What happened, why was cannabis recriminalized?  

As lax as Alaska’s cannabis laws have been, it’s no surprise that people began to abuse the personal use provisions in the state’s constitution. Remember that ‘right to privacy’ laws are not absolute and can vary greatly based on if the current lawmakers believe cannabis to be a threat to public safety. If so, “privacy” protections can be overturned in certain scenarios. 

Throughout the 1980s, many arrests of largescale growers occurred throughout the state. In 1989, Alaska State Troopers made a notable bust in Matanuska Valley where they seized 3,000 plants that were part of four different grow ops within the county. A few months later, Wasilla was a location of interest, as troopers confiscated 2006 plants growing in a residence owned by then 45-year-old Thomas Wyatt. By the end of the year, a campaign to prohibit the use of cannabis began making the rounds.  

In November of 1990, Measure 2, a voter initiative, passed, making it illegal to possess cannabis anywhere – on public or private property. If someone was caught with even a small amount, they were looking at up to 90 days in jail and $1,000 in fines, although it was uncommon for such harsh sentences to be handed out.  

This decision has been challenged in court numerous times and cannabis has been recriminalized and re-decriminalized a handful of times over the last few decades. Look at the 2003 case, Noy vs. State. Similar to the 1975 case, David S. Noy was arrested and convicted by a jury of possessing less than 8 ounces of cannabis. But, because of Ravin’s case, the Alaska Court of Appeals overturned Noy’s conviction and dismantled the part of the law that criminalized personal use of cannabis on private property.  

In 2006, cannabis was again prohibited, this time via a measure pushed by then-Governor, Frank Murkowski. Murkowski made possession of under one ounce a misdemeanor punishable by up to 90 days in jail, and possession of one to four ounces a misdemeanor carrying a term of up to one year in jail. This was probably the strictest point in Alaska’s history, as far as cannabis legislation goes, and the law remained this way until recreational was legalized in 2014.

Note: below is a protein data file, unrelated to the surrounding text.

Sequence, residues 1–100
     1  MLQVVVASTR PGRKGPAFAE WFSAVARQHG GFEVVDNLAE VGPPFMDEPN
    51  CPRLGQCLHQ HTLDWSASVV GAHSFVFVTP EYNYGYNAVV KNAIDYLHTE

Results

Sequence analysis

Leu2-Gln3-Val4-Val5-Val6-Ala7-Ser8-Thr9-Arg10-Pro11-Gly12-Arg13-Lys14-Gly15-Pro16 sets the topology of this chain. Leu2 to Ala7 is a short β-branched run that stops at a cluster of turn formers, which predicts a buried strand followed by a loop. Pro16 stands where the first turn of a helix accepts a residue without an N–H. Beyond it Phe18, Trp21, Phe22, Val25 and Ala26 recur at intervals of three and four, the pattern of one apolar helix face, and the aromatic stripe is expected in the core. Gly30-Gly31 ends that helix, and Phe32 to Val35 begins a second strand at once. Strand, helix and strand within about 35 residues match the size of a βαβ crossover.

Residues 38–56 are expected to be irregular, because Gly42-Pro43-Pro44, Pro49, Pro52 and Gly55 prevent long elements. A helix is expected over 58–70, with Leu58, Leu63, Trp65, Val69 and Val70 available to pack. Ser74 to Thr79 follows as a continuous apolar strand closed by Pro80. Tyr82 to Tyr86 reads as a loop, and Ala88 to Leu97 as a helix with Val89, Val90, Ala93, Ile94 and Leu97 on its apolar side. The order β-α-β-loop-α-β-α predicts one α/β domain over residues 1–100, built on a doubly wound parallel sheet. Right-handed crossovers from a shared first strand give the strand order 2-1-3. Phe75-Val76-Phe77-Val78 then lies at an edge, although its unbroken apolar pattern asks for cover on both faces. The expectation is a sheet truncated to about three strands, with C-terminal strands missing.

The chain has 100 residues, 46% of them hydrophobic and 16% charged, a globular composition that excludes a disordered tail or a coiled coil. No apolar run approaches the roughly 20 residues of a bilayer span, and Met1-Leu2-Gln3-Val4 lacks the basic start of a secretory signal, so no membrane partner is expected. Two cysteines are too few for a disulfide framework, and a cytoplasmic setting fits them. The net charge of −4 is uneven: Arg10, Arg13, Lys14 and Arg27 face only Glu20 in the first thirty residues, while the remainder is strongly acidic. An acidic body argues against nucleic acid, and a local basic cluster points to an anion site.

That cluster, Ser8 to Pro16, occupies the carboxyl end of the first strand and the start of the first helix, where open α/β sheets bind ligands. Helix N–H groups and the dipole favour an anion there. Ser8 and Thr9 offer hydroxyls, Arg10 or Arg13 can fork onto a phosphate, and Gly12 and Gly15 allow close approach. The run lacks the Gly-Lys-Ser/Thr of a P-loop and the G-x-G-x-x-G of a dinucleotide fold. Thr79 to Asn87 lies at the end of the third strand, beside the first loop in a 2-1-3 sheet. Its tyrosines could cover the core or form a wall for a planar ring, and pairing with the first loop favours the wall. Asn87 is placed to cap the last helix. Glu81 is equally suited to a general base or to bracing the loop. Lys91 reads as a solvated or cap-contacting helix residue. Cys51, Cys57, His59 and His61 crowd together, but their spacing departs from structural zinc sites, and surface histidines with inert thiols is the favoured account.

What are the laws, currently?  

Today, Alaska is one of the more lenient states when it comes to cannabis regulation, even when compared to other fully legalized states. Alaska residents over 21 years of age can consume pot in their homes, possess it in their car or on their person, and grow up to six plants per residence. The maximum amount of raw flower you can have is one ounce. So, no more fear of getting pulled over for some frivolous nonsense and getting arrested.  

You still cannot toke in public. According to Cynthia Franklin, director of Alaska’s liquor control board, “People will not be legally lighting up in the park anytime soon. Should someone feel compelled to celebrate the occasion in public, they’re looking at a $100 fine.” And that’s where they decided to keep the hundred-dollar fine that was instated decades ago.  

You also cannot smoke any pot within the state or national parks. Peter Christian, spokesman for the National Park Service, said that if you’re caught with weed on public lands, you could face a federal citation. Within Denali National Park and Preserve, Christian said there were no arrests made in 2020, but he did issue 14 verbal warnings.  

In 2018, the State of Alaska approved measures to allow on-site consumption in properly licensed retail stores. They have yet to set up any “consumption lounges” as the law initially intended, but so far, one dispensary has made it through the proper licensing channels to allow smoking on-site: Good Titrations. This dispensary is located in Fairbanks, and it has a lounge area with a coffee bar where you can purchase up to one gram of flower for immediate consumption.  

Final Thoughts on Cannabis in Alaska

Alaska may be the last frontier, but it was one of the first states in the country to legalize cannabis use. Because their state constitution is so much more all-encompassing than our federal one, I believe we could all stand to learn a thing or two from Alaska and their wild ride to full cannabis liberalization.

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Disclaimer: Hi, I’m a researcher and writer. I’m not a doctor, lawyer, or businessperson. All information in my articles is sourced and referenced, and all opinions stated are mine. I am not giving anyone advice, and though I am more than happy to discuss topics, should someone have a further question or concern, they should seek guidance from a relevant professional.

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About the author

Alexandra Hicks

Managing editor at Cannadelics and U.S based journalist, helping spread the word about the many benefits of using cannabis and psychedelics.